As viral infections and clinic wait times increase, Omaha parents seeking alternatives

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Published: Nov. 29, 2022 at 10:37 PM CST
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OMAHA, Neb. (WOWT) - For weeks, viral infections in the metro have been steadily climbing, and hospitals, clinics, and urgent care facilities have been overrun with sick kids.

“We’ve seen a lot of hospitalizations we’ve seen quite a few emergency department visits and very busy outpatient clinics and urgent cares,” says pediatric infectious disease expert and Children’s Hospital and Medical Center hospitalist Dr. Russell McCulloh.

McCulloh says it’s not uncommon for there to be an uptick in sick patients this time of year, but it is uncommon to see patients with several viral infections at once.

That’s what’s been happening at Children’s Hospital for weeks now.

“Personally working both as an infectious disease doctor and a hospitalist, have seen quite a few kids who have been very ill from these viruses, often because they have more than one virus at the same time.”

And if you’re a parent, the thought of having a sick kid can be dreadful.

“It’s a lot of questioning and wondering is she OK? It’s a lot of checking for signs and symptoms that are troublesome or worrisome but also in the back of your mind there’s always like, ‘but what if I’m missing something? What if there is something really wrong that I just don’t know about?” says Mariah Barrett, mom of 19-month-old Olivia.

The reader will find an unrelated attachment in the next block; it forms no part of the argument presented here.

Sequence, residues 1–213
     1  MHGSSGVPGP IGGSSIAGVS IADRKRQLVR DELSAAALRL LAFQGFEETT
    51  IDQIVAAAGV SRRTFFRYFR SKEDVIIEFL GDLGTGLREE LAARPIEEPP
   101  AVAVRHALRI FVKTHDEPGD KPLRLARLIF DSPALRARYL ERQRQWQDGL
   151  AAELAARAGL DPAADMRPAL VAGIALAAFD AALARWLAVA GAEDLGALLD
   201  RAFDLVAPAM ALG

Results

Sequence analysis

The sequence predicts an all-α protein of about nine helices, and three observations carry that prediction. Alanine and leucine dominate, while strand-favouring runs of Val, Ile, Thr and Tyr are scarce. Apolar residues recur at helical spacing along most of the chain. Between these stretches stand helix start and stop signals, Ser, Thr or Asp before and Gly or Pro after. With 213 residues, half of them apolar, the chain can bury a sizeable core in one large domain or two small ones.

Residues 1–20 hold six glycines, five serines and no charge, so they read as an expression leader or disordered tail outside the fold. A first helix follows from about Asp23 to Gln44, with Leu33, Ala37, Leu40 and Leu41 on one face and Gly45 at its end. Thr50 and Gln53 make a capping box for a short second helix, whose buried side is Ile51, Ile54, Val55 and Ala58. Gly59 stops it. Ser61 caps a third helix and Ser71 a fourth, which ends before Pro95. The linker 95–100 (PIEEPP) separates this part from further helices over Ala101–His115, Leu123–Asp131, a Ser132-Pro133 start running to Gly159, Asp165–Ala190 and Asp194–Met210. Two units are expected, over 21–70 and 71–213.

Last week, the surge in viral infections forced Children’s Hospital urgent care facilities to consolidate and created long wait times at other clinics, too.

“When your kid is sick, the last place you want to be is away from home, you don’t want to be sitting in uncomfortable chairs and 20 other stressed-out parents and their babies who don’t feel well,” Barrett says.

That’s why Barrett avoids the waiting rooms and lines.

“What better than to bring the clinic to the patient’s home rather than dragging your kid in when they’re sick and not feeling well and going into the clinic,” says Erin Thoman, a nurse practitioner and owner of Nebraska Home Pediatrics.

She started the business five years ago, after getting tired of taking her own children to clinics and needing to wait in unfamiliar and often uncomfortable waiting rooms and offices. Now, parents call her and she makes home visits and has the ability to test for things like RSV, COVID-19, and the flu, all of which are floating around the community in large numbers.

“In about the last two weeks, I’ve had a triple in the number of patient calls I get for sick kiddos,” she says. Lately, the virus she’s seeing the most is Influenza A.

According to the CDC weekly flu summary map, Nebraska is at one of the highest levels in the country.

Thoman’s business also does well visits, sick visits, and gives vaccinations.

As numbers of viral infections climb, doctors and nurses like Thoman and McCulloh say they’re preparing for even more, too.

“I think that the holidays are going to not slow that down if anything speed that up a little bit,” Dr. McCulloh says.

“We do anticipate that there continues to be increasing demand for sick visits,” Thoman adds.

If you’re unsure if your child needs to be taken to a clinic or urgent care, both Thoman and McCulloh suggest scheduling a virtual care visit or tele-health visit to avoid potentially waiting hours in a facility.

Next year, Thoman says she also plans to open a clinic that will offer day hours and nighttime hours. More information on Nebraska Home Pediatrics can be found on their Facebook page.